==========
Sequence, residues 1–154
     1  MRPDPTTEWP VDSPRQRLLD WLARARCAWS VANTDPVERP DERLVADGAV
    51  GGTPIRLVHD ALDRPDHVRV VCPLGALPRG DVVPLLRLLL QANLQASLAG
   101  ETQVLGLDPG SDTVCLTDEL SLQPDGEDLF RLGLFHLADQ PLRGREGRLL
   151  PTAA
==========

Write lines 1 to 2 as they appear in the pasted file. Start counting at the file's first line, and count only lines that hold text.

Sequence, residues 1–154
     1  MRPDPTTEWP VDSPRQRLLD WLARARCAWS VANTDPVERP DERLVADGAV